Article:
If you could choose another designer to redo your home right now, who would it be?
There are so many designers that I’m close with and who I absolutely love and adore. If I were going to hire a designer to do my home, it would probably be Stephanie Sabbe, Rachel Halvorson, Sarah Bartholomew (all Nashville people), or Sean Anderson, who’s in Memphis. There are so many great designers who align with my aesthetic. We all pass along information if we need something or we’re stumped. Sometimes you can get designer block, so it’s nice to have that group of professionals to say, “What do you think about this?” I think the misconception is that designers are creative all the time, and we’re not. Or at least I’m not!
RELATED: 4 Lighting Trends to Latch Onto
Can you share one designer secret with us?
I stand by having a plan. If you don’t have a roadmap, you can’t get to where you’re going. Instinct is great, and some people have a knack, or they’re creative, but if you don’t have a plan for where you’re going (whether it’s upholstery, paint colors, or furniture layout), you make very costly mistakes. Proportions are so important in design, and it’s something that often goes wrong — even for professionals. One of my tricks is making sure that rooms are laid out on paper first. Then, if need be, I go to the space and block the furnishings in the room with blue tape. That way, we can feel the space and make sure that proportions are appropriate from the beginning. No one likes to order something and get it in there, only to find out it’s the wrong size.
Where do you like to take chances in design?
I learned from Bobby McAlpine that it always takes one wrong thing to make everything else right, so take chances in design. I’ve been very fortunate — my clients tend to have large collections of art. We often get pigeonholed and think that we can only place art on walls, but I’ve been known to hang a piece of art on a door, over a window, or floated over drapery. It’s important to look through the lens and see how we can utilize spaces that we usually wouldn’t. I always think through unused spaces to see if they’re spots that I can use to showcase something important. That’s one of the hardest things for our clients because we’re trained and geared to think, That can’t go there. I often have to say, “Trust me, and if we get it installed and you don’t like it, then we’ll pivot.” No matter how many drawings or mock-ups we do, sometimes you have to fill the space and see it in person.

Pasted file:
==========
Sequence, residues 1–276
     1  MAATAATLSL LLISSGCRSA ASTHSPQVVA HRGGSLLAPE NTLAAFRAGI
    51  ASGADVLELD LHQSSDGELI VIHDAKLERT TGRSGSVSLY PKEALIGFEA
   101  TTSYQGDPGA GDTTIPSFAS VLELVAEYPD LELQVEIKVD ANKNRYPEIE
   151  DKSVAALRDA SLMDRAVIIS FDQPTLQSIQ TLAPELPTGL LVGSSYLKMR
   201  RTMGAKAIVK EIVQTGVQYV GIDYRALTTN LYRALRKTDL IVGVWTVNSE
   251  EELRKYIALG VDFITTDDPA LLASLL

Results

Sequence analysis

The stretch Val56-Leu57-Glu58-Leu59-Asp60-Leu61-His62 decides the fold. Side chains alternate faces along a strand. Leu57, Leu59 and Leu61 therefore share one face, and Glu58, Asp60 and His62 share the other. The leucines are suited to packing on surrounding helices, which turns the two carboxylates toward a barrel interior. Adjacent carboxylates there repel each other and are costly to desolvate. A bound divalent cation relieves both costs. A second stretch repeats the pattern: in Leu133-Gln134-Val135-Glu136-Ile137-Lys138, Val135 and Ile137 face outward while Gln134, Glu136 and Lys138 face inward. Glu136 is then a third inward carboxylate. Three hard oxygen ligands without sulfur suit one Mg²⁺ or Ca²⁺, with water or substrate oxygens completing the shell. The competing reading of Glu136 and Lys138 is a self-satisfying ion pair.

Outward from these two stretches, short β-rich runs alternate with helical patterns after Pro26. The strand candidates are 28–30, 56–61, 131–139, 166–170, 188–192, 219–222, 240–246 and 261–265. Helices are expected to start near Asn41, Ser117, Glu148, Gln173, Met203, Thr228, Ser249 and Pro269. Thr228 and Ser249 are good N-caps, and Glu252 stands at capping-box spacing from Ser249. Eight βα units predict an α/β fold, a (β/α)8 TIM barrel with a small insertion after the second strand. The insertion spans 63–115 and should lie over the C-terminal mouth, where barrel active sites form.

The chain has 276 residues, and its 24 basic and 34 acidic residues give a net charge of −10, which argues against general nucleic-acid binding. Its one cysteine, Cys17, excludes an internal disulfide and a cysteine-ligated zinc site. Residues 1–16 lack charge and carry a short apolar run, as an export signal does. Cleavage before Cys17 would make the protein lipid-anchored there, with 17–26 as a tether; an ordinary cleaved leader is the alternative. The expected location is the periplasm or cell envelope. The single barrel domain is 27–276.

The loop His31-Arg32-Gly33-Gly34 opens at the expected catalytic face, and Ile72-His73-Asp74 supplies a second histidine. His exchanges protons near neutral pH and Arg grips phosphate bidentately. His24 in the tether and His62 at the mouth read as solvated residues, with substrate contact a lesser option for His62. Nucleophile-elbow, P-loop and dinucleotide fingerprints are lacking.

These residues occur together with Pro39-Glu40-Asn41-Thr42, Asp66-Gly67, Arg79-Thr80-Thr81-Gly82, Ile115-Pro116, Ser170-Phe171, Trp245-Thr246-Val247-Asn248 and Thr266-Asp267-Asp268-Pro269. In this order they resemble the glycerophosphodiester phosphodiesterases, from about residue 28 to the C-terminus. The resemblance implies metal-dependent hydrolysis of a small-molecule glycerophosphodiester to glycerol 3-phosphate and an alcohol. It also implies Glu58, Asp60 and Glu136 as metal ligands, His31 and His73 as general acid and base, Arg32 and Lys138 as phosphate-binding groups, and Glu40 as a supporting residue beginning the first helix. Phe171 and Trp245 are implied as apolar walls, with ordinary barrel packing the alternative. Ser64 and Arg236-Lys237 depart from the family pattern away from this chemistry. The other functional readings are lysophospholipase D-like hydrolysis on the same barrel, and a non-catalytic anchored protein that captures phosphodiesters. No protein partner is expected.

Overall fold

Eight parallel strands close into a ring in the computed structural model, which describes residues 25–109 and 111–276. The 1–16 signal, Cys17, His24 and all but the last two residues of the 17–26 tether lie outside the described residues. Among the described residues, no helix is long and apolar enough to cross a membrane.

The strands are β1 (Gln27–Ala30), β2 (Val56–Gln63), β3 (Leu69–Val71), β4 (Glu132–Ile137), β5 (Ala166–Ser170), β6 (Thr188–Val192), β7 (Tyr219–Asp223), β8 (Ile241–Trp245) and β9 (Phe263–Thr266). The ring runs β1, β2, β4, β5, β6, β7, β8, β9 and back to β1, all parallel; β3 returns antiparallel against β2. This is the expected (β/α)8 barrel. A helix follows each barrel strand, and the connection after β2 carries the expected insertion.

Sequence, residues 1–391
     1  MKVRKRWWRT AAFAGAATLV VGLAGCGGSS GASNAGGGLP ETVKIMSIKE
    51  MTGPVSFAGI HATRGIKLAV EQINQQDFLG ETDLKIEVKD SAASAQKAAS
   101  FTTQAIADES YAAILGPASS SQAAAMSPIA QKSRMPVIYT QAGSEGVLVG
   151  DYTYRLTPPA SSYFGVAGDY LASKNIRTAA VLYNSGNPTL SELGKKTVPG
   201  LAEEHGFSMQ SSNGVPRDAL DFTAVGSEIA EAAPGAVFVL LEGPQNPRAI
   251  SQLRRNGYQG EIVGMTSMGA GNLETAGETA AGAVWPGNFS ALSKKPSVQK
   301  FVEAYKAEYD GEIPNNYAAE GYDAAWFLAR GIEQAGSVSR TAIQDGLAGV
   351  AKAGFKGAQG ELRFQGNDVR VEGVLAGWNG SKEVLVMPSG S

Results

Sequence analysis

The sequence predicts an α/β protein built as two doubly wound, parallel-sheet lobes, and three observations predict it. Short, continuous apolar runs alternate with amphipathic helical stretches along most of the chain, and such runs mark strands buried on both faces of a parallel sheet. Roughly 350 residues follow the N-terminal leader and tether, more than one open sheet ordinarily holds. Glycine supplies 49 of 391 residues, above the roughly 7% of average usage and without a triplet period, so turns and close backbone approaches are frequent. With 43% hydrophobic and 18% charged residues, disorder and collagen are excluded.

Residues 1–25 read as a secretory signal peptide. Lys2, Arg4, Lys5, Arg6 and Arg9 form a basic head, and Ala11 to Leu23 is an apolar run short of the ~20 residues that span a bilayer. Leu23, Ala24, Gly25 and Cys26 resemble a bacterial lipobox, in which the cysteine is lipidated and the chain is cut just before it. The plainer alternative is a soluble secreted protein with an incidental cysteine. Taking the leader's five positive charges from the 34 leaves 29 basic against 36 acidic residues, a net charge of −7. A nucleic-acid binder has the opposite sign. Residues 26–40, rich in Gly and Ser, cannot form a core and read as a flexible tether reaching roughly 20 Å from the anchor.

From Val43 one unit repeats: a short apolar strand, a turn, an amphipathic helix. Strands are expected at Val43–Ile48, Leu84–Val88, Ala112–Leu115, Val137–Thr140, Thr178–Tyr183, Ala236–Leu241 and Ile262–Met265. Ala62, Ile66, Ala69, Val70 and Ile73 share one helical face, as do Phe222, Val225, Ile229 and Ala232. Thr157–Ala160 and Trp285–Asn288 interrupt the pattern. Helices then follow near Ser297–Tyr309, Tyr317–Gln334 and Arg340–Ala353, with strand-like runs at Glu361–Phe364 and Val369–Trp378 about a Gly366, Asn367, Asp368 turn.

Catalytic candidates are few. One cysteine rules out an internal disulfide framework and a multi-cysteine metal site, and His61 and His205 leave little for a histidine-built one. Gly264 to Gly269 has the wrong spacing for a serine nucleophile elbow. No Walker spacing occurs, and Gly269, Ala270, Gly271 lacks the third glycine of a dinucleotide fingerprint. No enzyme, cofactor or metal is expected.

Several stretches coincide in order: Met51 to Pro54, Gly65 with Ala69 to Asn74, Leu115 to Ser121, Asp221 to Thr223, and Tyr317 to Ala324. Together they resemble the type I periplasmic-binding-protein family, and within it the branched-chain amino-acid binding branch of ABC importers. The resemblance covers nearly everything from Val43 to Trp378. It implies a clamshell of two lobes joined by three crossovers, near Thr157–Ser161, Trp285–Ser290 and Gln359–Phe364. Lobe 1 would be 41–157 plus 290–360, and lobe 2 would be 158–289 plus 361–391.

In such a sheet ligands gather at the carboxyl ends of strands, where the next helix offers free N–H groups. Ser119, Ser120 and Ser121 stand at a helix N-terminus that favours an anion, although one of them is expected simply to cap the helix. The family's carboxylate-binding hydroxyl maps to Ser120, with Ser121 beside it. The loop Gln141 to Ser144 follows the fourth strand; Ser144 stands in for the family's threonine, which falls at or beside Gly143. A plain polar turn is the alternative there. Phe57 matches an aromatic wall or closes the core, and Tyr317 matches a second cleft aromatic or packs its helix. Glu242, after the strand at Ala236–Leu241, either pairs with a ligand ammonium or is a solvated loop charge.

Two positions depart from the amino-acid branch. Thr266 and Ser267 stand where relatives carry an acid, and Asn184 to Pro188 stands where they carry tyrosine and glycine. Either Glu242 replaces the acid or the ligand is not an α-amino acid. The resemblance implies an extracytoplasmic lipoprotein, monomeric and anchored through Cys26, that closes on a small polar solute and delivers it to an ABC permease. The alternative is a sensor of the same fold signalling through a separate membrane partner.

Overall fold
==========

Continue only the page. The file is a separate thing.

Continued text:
What are your favorite places to find treasures for your home or design projects?
The Nashville Design Collective is a great place for antiques, bedding, lighting, and inspiration. I love the Belle Meade Shoppes, which is a little antique mall. They do some really beautiful things in there. My friend Jeannette Whitson owns Garden Variety. She doesn’t have a storefront, but she has a warehouse that I love to peruse. I love Provenance Antiques, Parc Monceau, and R. Hughes, which are in Atlanta. And then, of course, we have our vendors in New York, Chicago, and all over.
If you could squeeze your design philosophy into five words, what would they be?
I know it’s eight words, but the Chad James Group philosophy is, “If it’s not fun, we’re not doing it.” Before I started this company, I had worked for three major design firms from Nashville to New York, and there were a lot of things that I had to do that weren’t fun. When I lived in New York, I had to wear a three-piece suit every day, even in the summer. So, when I started the Chad James Group, I was very deliberate. I had an already-established career, so my name is in the title, and I’m the principal designer, but I work with a collaborative of designers. You’ve probably heard me say “we” a lot because I can’t do this without my team.
I’m 46 years old. I’ve lost both of my parents in the past four years. I’m very type A, very organized, and I can be quick to get wound up — everything has to be perfect. But losing my parents has put things into perspective. I think COVID has done that for me as well; it has caused me to relax. So, if a project isn’t fun, I don’t want to do it. I want to produce and create happy, fun moments that build the foundation of our clients’ homes.
To see more of Chad’s work, visit his website, chadjames.com.
For the best “me moment” of the day, subscribe to StyleBlueprint. Click HERE.